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S&W K-frame .38/.357; about how many made?

Bill JordanBill Jordan Member Posts: 1,402 ✭✭✭✭✭
edited April 2012 in Ask the Experts
Just curious; looked at a 4" Mod 10-6 a guy has for sale, and he wants like $500 for it and off handed,I said S&W probably made a million of them.
So, going back 1905,so, .38 & .357, fixed and adj. sights, 6 shot, blue and SS, any barrel length, do you think have been made?


  • CDMeadCDMead Member Posts: 2,141 ✭✭
    edited November -1
    Personally, I think you're a bit low.

    The serial number for the model 1905, which is basically the K frame we all know and love, hit 999999 in 1942. The serial number was replaced by the V prefix "Victory Models" of which some 800,000 were produced during World War II. Of those over 300,000 were 38 Specials.

    I would suggest that 2 million medium frame S&W 38 Specials is probaboy a conservative estimate since the cartridge was introduced in 1898.

    I hope this helps.
  • beantownshootahbeantownshootah Member Posts: 12,776 ✭✭✭
    edited November -1
    Models 10 can still be had all day long in excellent condition on the auction site for $300 or less.

    $500 isn't a totally "crazy" price for one, but it would have to be mint in box, and/or also a more desirable variant than the common 4" tube blued one.

    In terms of pure numbers of guns made the Smith K frame is probably the most manufactured handgun in human history. With modifications, of course, you can literally trace them all the way back to the end of the 19th century. There was a time when 80% of the police in the USA carried these, and in some places police still do! And this doesn't even begin to count the untold tens of hundreds of thousands of guns put into military service all over the globe.

    Not only do I agree with CDMead, that 2 million is a "conservative" estimate, I think the true number probably exceeds 3 million.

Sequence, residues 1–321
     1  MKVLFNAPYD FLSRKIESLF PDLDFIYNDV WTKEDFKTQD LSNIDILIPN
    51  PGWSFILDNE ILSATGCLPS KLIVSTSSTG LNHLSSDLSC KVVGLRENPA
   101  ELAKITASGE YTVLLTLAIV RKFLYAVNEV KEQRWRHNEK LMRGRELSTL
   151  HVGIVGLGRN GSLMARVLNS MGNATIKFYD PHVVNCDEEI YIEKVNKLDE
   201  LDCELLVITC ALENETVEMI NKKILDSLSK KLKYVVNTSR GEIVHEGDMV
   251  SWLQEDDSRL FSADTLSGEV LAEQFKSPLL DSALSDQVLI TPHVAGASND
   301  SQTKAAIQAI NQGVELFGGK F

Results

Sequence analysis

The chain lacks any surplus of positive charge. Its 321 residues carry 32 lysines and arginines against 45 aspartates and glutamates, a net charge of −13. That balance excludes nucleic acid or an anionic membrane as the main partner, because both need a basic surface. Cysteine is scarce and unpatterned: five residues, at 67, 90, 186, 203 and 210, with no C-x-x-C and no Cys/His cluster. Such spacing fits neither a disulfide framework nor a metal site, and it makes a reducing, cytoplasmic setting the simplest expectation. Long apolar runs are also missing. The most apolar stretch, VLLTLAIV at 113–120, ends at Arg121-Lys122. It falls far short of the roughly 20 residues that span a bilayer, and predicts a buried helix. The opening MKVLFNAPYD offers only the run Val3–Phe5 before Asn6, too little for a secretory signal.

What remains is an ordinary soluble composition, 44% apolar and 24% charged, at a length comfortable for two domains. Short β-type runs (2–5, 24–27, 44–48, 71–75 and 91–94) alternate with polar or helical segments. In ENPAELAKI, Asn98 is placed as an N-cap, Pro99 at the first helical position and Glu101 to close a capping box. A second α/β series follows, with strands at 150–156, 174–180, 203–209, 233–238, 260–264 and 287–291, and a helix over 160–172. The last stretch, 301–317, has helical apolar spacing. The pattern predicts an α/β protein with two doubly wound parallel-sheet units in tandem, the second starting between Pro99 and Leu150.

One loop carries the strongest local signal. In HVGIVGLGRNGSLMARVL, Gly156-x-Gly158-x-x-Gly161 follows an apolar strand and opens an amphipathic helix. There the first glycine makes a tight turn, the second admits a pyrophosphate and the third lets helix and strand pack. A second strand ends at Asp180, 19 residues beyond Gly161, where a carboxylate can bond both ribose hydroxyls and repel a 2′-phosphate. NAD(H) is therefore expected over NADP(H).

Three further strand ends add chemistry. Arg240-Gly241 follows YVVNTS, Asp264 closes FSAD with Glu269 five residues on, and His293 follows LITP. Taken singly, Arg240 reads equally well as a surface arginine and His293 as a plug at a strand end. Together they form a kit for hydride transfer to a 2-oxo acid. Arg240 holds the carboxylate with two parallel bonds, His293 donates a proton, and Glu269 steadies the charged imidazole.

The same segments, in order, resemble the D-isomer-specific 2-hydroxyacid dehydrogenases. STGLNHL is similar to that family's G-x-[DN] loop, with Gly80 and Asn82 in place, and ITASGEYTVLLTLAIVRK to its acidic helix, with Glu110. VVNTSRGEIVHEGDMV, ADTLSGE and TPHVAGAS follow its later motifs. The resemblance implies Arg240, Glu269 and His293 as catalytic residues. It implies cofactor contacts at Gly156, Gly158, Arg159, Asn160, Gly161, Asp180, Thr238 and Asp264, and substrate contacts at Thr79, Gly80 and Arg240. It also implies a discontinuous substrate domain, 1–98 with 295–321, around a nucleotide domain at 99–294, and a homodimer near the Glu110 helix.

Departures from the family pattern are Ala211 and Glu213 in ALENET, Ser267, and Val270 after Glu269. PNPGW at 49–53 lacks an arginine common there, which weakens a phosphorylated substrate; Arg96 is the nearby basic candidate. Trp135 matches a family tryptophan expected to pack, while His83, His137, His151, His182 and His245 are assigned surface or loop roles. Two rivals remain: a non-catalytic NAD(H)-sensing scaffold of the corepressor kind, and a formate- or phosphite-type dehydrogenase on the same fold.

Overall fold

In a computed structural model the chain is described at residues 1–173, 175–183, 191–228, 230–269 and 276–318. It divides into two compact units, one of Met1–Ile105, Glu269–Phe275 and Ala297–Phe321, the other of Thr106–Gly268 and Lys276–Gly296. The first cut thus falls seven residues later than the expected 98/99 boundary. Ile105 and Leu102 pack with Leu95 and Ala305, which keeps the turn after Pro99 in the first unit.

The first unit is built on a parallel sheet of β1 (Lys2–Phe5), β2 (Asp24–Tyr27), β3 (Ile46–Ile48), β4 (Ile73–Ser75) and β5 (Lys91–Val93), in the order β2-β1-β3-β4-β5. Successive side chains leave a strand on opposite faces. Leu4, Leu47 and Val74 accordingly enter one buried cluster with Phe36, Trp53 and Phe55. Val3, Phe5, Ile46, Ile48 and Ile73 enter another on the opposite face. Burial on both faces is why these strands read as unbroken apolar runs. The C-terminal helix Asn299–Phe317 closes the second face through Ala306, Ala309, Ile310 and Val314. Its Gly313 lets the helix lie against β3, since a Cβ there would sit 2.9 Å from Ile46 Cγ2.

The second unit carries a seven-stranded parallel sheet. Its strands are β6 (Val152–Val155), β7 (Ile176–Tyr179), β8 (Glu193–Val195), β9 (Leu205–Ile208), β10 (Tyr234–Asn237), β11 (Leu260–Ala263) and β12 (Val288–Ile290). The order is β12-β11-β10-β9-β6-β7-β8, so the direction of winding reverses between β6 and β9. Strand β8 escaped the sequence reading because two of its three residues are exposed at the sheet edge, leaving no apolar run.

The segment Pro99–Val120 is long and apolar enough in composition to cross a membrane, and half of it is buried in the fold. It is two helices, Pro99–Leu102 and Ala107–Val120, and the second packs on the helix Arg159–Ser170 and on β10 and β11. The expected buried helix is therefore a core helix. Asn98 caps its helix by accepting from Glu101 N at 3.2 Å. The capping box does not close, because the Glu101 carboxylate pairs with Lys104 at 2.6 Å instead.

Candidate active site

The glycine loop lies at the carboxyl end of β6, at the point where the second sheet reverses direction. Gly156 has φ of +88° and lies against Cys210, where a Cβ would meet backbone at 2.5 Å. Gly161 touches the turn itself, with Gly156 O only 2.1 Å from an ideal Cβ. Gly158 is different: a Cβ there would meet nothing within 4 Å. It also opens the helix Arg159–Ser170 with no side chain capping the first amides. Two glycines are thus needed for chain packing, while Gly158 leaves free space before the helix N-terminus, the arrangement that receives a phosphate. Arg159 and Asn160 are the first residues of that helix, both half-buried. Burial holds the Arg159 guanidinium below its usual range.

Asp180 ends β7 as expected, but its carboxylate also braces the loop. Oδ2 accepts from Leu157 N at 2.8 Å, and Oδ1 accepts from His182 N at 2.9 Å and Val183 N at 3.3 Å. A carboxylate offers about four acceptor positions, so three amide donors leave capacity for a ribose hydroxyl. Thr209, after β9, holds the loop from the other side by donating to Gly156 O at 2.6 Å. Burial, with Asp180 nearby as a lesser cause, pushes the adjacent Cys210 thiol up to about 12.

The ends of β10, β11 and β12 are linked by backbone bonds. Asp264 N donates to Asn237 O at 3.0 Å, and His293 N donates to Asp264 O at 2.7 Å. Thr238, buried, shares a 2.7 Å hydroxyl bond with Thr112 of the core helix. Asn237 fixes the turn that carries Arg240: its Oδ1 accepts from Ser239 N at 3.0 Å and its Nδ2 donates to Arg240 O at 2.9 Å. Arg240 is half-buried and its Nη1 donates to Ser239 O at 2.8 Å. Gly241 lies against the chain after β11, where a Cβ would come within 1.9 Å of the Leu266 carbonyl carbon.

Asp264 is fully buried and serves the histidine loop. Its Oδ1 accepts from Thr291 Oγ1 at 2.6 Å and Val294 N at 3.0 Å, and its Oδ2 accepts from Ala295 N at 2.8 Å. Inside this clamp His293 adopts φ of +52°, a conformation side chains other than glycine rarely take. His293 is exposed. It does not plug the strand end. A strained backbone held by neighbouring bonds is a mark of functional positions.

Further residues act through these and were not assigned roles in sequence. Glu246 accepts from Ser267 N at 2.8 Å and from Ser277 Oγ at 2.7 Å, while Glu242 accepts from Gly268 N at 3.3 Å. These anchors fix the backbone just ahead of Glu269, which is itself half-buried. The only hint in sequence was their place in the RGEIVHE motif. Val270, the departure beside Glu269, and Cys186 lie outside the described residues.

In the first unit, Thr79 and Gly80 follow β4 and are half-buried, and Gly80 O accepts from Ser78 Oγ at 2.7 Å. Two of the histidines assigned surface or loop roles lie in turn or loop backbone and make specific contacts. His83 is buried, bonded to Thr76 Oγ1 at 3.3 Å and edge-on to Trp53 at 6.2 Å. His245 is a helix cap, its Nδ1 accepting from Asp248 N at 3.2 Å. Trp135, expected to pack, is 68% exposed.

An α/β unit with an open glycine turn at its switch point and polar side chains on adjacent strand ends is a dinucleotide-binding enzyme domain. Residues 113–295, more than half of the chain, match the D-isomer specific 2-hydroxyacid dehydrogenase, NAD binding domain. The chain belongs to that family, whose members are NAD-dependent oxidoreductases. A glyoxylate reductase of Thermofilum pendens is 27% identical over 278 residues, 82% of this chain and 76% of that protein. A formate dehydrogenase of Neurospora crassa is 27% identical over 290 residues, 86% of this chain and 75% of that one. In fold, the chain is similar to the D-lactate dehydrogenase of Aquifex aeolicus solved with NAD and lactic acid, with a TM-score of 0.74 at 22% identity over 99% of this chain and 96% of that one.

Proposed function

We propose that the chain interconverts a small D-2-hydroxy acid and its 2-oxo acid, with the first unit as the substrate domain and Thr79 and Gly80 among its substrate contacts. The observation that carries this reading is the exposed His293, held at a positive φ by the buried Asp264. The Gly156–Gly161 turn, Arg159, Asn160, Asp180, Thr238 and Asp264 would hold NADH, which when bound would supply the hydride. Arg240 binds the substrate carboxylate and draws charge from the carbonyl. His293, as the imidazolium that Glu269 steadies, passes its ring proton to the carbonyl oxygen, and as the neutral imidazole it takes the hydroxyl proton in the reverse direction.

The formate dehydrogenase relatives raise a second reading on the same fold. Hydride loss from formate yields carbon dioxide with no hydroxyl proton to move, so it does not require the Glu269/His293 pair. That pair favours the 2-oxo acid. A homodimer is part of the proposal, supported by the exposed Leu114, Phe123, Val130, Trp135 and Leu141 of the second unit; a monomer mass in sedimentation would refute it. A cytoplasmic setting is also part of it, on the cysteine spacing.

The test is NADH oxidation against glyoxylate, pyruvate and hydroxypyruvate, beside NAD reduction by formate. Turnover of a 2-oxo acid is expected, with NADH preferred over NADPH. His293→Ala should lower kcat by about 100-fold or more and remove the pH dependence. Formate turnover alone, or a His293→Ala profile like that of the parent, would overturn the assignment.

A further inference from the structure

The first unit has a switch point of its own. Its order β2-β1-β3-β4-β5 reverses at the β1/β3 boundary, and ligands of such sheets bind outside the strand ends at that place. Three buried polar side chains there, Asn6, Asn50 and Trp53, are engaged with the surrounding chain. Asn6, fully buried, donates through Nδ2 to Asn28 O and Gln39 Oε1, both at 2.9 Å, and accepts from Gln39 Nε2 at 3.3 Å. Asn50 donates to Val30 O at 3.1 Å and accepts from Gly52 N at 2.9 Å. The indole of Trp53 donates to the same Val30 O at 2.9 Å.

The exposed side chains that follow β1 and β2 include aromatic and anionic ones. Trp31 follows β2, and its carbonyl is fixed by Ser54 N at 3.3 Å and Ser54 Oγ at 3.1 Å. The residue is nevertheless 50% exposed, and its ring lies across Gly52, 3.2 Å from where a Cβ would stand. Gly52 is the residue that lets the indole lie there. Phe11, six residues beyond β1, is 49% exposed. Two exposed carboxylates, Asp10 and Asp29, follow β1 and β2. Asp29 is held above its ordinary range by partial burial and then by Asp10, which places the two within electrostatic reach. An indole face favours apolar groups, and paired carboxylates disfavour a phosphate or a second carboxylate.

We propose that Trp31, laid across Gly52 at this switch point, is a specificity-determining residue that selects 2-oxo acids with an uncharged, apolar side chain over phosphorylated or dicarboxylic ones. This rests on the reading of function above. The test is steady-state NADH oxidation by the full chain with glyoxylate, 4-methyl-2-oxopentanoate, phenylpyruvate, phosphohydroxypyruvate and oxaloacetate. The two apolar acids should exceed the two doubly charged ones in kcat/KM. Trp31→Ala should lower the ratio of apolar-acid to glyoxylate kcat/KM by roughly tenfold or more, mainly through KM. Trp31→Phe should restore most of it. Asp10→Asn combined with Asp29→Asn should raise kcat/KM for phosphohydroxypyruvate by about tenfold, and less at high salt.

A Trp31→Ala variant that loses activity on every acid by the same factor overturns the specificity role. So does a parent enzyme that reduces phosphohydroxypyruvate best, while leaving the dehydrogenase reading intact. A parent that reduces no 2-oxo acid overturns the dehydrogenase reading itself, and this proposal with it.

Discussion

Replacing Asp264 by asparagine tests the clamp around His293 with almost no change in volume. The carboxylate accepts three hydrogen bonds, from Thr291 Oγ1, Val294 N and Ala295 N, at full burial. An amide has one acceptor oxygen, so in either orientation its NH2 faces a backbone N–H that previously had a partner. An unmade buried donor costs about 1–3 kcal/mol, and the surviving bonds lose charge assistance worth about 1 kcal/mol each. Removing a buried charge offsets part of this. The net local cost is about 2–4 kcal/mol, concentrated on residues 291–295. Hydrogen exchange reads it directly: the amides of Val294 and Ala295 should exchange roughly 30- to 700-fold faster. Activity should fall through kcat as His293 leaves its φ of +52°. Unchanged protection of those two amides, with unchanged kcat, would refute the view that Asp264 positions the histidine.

I'm not curious enough to actually pick up the phone and ask, but I think this would be a great question for the resident corporate Smith and Wesson historian.
  • HangfireHangfire Member Posts: 3,010 ✭✭✭
    edited November -1
    I think Laredo Lefty has over 2 million in his collection alone !!
  • nmyersnmyers Member Posts: 16,797 ✭✭✭✭
    edited November -1
    Someone once advised: "Buy real estate; they aren't making any more of it."

    Today, you might say: "Buy old Colts & S&Ws; they aren't making any more of them." Especially, minty ones.


  • 62fuelie62fuelie Member Posts: 1,068 ✭✭✭
    edited November -1
    The M&P/Model 10 is and has been the bread&butter revolver for S&W since the turn of the last century. I don't see many circumstances in which one would go into the $500 range. If it were a M-15, M-17, M-19 or M-66 with the adjustable sights then maybe a fine specimen would do it, I just paid $375 for a very nice M-19 2 1/2" pinned not recessed. In the M&P fixed sight configuration I would look for a Model 13 .357 just for the added flexibility.
  • Laredo LeftyLaredo Lefty Member Posts: 13,452 ✭✭✭
    edited November -1
    quote:Originally posted by Hangfire
    I think Laredo Lefty has over 2 million in his collection alone !!

    Not quite there yet, but still trying. I haven't counted my "K" frames lately but probably 60 to 70.
  • machine gun moranmachine gun moran Member Posts: 5,198
    edited November -1
    I believe the postwar 'C' prefix went to one million, before the 'D' prefix was started. I've had 'C's from 4 digits up to well into 6 digits. The 'D' prefix eventually became '1D', '2D', etc, and similarly, the 'K' prefix morphed into '1K', '2K', etc.

    I wouldn't be surprised if the total exceeded 6 million guns.

    Pricewise, $300 for a used but decent K-frame .38 is ballpark, I bought my last one about six months ago for that (a pre-'model numbered' Combat Masterpiece). I agree that $500 is top-dollar for a still-NIB M10, perhaps $600 for an adjustable-sight K-frame. Because of the huge number (whatever it happens to be) that has been produced, those that show use cannot command a premium.
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